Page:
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Re: Elevator speeches about accessibility


From: Angela French
Date: Jun 11, 2012 9:34AM

I usually mention the law and liability risk. Unfortunately that gets people attention more that "doing what's right" sometimes.

>-----Original Message-----
>From: <EMAIL REMOVED> [mailto:webaim-forum-
> <EMAIL REMOVED> ] On Behalf Of Karen Mardahl
>Sent: Monday, June 11, 2012 4:22 AM
>To: WebAIM Discussion List
>Subject: [WebAIM] Elevator speeches about accessibility
>Today at work, a colleague and proud dad showed me the website that his 19-
>year-old son had coded for a small business.
>It seemed attractive enough at a visual level, so I promptly replied, oh, nice!
>Then I tried to navigate it.
>The top navigation was not keyboard accessible. The drop-down menu items
>needed a click. On one of them, I managed to drag the mouse outside the
>path so that I lost the path; you had to drag the mouse down and to the right
>to access that menu's sub items.
>I said you cannot get at these submenu items with a keyboard. That is not
>good. He's a young kid. He should learn about accessibility.
>The proud dad replied that I was the only one who cared about accessibility
>- no one else did. He does sling out many statements in a joking fashion, but I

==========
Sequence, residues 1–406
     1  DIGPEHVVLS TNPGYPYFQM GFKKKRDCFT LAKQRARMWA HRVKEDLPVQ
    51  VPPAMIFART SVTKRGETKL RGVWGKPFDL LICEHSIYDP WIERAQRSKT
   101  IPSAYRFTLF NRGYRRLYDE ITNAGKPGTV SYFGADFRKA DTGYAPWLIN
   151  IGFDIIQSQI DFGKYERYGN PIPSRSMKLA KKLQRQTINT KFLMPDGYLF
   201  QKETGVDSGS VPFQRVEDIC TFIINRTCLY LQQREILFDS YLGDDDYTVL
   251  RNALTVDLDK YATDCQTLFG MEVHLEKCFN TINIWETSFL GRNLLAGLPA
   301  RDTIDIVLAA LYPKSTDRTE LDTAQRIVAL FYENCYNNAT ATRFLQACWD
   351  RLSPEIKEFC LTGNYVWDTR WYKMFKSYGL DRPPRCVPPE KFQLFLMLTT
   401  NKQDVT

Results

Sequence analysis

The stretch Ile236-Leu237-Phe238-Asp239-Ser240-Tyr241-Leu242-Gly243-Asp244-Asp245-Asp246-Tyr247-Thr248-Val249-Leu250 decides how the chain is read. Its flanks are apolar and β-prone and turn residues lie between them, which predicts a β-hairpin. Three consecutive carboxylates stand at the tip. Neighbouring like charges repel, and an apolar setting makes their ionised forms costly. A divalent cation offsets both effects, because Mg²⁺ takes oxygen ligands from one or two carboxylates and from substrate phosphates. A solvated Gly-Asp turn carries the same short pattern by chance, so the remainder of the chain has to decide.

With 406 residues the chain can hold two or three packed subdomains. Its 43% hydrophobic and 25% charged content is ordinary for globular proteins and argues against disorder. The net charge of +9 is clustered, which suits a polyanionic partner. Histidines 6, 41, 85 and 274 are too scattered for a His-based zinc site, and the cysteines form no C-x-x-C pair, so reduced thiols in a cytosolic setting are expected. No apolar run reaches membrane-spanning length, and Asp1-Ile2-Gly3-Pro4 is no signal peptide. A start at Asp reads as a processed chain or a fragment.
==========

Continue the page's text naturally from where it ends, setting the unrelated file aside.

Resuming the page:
>wasn't going to be dismissed that easily. I said that knowing accessibility
>would be good for his career. "There's money in it", I said, "and he can lead
>the field". I had hoped those comments would inspire the dad and soften the
>criticism I was giving. Oddly enough, the dad did dislike those types of
>menus, but I don't know why. It didn't seem to be due to accessibility. At
>least not in his mind.
>"There's money in it" is a vague generalization, of course. It was the best I
>could reply if my reply was to be snappy and attractive to my audience.
>That made me think of writing in here and asking - do you have a stock reply
>for various, shall we call them anti-accessibility conversations - or "meh"
>accessibility conversations?
>Snappy, constructive, and educational are the best qualities for such a reply, I
>think. They might also be elevator speeches. I think "making the world a
>better place" is too vague and will be forgotten seconds after as well as
>earning you the label of "loopy" or something similar.
>So... how do you reply? (Especially if shock or insults are involved.)
>regards, Karen Mardahl
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